‘Clean Energy and Water Technologies’ is now a social enterprise based in Melbourne, Australia. The purpose of this enterprise is to introduce a zero emission technology developed and patented by Ahilan Raman, the inventor of the technology. A 25 Mw demonstration plant will be installed to show case the above technology. This platform also used as a blog will publish articles relevant to Zero emission technologies for power and Zero liquid discharge technologies for water industries.
Sodium chloride commonly known as ‘ common salt ‘ is a basic raw material for the production of a wide range of chemicals including Caustic soda and Soda ash. The cost of salt has been recently increasing steadily due to wide demand and supply gap all over the world. This in turn has increased the cost of all other chemicals derived from salt and this situation is expected to continue in future.
Salt industry has been traditionally using a ‘solar evaporation’, an age old technique from antiquity. The technology involves pumping of seawater on large area of arid land and allowed to evaporate as the concentration of salt increases. The brine then passes on through the various ponds, with the sodium chloride content rising from 2% to 25%. This increasing salinity gives the ponds a distinctive pink color, as algae in strongly saline solutions produce a red pigment called haematochrome. The Red Sea is red for the same reason.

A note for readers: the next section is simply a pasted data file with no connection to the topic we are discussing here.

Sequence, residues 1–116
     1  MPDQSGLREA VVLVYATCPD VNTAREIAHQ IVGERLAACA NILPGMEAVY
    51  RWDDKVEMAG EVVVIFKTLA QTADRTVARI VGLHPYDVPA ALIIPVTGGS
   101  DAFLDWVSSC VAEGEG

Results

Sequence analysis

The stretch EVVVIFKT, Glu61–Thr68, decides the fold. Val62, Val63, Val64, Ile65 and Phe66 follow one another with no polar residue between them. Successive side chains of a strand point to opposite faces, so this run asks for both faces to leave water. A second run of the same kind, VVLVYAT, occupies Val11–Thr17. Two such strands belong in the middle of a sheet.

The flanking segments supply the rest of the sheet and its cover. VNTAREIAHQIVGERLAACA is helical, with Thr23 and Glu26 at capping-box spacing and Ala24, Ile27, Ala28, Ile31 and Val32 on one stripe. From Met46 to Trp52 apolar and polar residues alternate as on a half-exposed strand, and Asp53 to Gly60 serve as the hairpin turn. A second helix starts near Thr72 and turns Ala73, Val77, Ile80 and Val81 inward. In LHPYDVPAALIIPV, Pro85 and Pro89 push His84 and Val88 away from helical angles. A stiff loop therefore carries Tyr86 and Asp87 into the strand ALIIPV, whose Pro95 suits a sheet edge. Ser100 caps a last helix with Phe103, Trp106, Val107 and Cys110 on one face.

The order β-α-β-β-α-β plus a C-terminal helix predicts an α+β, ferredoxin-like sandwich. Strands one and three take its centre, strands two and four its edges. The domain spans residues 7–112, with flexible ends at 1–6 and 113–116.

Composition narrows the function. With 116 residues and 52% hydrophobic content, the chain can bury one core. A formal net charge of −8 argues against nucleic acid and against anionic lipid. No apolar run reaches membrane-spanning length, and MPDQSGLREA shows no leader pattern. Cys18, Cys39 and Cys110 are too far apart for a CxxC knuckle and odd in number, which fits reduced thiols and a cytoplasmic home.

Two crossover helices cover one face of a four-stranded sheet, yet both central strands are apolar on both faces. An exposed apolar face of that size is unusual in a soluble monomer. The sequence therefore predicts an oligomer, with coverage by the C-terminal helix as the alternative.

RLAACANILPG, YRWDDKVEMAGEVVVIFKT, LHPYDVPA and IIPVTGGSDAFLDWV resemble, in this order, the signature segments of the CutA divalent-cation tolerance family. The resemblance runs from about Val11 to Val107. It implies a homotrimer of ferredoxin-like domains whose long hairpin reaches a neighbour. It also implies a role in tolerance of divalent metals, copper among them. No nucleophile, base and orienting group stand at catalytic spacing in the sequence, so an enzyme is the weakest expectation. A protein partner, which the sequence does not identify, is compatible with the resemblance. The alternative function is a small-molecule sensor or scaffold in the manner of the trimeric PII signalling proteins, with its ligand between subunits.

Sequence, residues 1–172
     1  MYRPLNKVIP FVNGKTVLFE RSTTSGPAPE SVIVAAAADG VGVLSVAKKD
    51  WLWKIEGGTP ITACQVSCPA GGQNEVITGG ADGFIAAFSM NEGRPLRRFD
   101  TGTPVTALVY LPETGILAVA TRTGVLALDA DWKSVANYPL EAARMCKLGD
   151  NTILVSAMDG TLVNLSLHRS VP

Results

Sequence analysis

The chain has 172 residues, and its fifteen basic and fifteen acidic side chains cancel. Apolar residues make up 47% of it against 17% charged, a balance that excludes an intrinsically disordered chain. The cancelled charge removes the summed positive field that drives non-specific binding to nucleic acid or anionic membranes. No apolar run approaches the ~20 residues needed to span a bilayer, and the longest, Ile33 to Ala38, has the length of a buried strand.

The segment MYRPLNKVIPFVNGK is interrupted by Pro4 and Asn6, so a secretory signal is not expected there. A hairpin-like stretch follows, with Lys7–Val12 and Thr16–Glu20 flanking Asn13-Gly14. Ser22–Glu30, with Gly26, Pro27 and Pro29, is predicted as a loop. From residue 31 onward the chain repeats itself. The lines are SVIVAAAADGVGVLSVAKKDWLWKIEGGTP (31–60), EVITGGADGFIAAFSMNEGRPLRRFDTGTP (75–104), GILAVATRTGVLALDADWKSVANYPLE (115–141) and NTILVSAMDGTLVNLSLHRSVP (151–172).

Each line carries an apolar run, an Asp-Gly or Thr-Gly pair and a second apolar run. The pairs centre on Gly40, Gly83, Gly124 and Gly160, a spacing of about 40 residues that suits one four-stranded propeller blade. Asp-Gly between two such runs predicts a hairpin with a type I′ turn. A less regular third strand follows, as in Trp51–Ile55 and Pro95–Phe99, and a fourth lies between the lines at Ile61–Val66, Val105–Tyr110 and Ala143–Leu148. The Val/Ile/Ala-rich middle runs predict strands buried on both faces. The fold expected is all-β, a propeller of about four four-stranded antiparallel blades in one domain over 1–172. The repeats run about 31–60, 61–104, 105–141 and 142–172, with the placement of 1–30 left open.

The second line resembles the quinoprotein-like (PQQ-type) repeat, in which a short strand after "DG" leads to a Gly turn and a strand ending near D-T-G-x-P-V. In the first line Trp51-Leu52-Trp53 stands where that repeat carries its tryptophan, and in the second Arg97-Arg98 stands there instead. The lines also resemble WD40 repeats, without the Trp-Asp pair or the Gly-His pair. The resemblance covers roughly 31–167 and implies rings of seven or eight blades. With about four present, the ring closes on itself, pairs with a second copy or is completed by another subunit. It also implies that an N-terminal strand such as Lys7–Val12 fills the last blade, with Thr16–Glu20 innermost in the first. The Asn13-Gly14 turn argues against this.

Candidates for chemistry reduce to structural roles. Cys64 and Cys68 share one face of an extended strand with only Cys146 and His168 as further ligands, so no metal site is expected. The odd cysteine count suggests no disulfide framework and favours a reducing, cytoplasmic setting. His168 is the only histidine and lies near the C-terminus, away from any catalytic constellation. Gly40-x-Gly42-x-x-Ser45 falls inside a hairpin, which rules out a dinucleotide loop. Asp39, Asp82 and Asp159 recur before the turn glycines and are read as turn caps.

The saturated brine is pumped to smaller ponds where nature continues its work of evaporation. Once the volume has been reduced to 10.2% of the original, any further concentration results in the deposition of sodium chloride. From September to February more brine is added until at least 25 mm of salt has settled and it is time for harvesting. The brine remaining (called "bitterns") is a saturated solution of NaCl, with the other salts present at concentrations well below saturation. This is pumped out to sea just before the harvest is gathered, as these ions would contaminate the salt if all the water were evaporated off. For four to six weeks beginning in early March, mechanical harvesters scoop up the crystallized salt and load it on to trucks that shuttle back and forth across the ponds to the washer. In the two washing plants the salt is washed in clean saturated brine, in which the other salts, present as impurities, dissolve. From there hundreds of tones of clean washed salt are discharged daily on to the stacks for storage - up to 10,000 tons per day. During winter no more salt is recovered, but the plant continues its regular work of processing and beggaring the stockpiled salt.